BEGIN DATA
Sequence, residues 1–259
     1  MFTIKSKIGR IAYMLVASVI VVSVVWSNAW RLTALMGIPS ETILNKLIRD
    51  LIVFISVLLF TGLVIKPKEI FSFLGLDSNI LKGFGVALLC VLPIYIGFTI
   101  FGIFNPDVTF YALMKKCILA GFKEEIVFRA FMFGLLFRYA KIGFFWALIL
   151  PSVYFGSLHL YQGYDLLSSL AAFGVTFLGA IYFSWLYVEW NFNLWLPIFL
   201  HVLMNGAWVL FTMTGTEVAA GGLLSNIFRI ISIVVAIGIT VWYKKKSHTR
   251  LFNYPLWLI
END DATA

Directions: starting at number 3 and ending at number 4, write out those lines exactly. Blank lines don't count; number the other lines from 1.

    51  LIVFISVLLF TGLVIKPKEI FSFLGLDSNI LKGFGVALLC VLPIYIGFTI
   101  FGIFNPDVTF YALMKKCILA GFKEEIVFRA FMFGLLFRYA KIGFFWALIL